Obsessive Thoughts about Food: Why they don’t stop

Written By


Expert Reviewed By

Dr. Lauryn Lax, OTD, MS

Dr. Lauryn, OTD, MS is a doctor of occupational therapy, clinical nutritionists and functional medicine expert with 25 years of clinical and personal experience in healing from complex chronic health issues and helping others do the same.

Food Obsession 1 716X675 1 | Obsessive Thoughts About Food: Why They Don'T Stop

I never thought the white noise would stop!

  • Constantly thinking about what I was going to eat for a snack or meal.
  • Counting the calories in what I ate for lunch.
  • Fretting over that dinner out at a restaurant with the girls this weekend (what would I order).

Thoughts about food controlled my mind.

  • I often saved recipes or looked at recipes or made grocery lists, just because food was on my mind.
  • Sometimes I’d even have dreams about food (Like the nightmare I had, eating a whole pizza and waking myself up, pinching myself: had that just happened?! Phew…thankfully NOT).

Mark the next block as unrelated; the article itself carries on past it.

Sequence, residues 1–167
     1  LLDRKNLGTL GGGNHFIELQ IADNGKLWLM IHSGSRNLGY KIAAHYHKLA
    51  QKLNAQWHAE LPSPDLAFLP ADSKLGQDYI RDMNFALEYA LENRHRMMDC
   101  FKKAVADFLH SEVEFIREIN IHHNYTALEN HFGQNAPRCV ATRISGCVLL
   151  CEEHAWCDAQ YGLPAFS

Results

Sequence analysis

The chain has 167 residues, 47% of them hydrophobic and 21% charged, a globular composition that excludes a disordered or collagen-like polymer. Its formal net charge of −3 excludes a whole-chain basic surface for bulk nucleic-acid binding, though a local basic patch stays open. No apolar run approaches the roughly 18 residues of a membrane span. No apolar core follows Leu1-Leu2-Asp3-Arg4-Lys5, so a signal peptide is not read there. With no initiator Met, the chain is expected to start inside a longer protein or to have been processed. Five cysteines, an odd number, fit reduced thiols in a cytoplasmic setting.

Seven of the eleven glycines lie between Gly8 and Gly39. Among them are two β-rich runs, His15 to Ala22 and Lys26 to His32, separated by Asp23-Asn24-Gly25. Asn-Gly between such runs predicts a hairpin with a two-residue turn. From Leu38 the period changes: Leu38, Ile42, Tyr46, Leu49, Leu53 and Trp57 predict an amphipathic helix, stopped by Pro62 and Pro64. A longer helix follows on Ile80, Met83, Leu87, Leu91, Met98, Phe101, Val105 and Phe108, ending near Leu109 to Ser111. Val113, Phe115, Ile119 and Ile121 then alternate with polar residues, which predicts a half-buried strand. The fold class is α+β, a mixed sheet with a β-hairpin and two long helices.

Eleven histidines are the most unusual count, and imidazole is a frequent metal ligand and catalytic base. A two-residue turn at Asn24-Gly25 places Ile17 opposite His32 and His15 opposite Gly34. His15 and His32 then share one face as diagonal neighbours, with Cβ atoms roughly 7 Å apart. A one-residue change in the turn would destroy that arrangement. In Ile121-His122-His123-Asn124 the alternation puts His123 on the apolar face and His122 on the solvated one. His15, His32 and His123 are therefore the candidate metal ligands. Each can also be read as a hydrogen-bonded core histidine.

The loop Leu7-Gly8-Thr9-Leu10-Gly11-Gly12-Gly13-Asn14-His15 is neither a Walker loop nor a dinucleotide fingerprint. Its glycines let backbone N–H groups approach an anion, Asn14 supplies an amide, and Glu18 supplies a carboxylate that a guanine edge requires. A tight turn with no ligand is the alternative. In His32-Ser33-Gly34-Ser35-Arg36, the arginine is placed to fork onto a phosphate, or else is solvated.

• And don’t get me started with reading magazines or online articles—any free moment I got, I was Google searching or flipping through the latest information on anything related to food and nutrition.


In my later years, I learned the science behind why the obsession with food often occurs, particularly for us women: Restrictive dieting and weight loss efforts.

When we deprive our bodies of the full nourishment and needs it has, our bodies (minds included) are starved.

And in order to let us know, “I need food”—our brains turn to thinking, longing, obsessing, craving and even dreaming about food.

On of the most powerful illustrations of the effects of restrictive dieting and weight loss on behavior is an experimental study conducted over 50 years ago at the University of Minnesota (Keys et al., 1950).

The observational study involved 36 young, healthy, psychologically “normal” men while restricting their caloric intake for 6 months.

More than 100 men volunteered for the study as an alternative to military service, and the 36 selected had the highest levels of physical and psychological health, as well as highest commitment to the objectives of the experiment.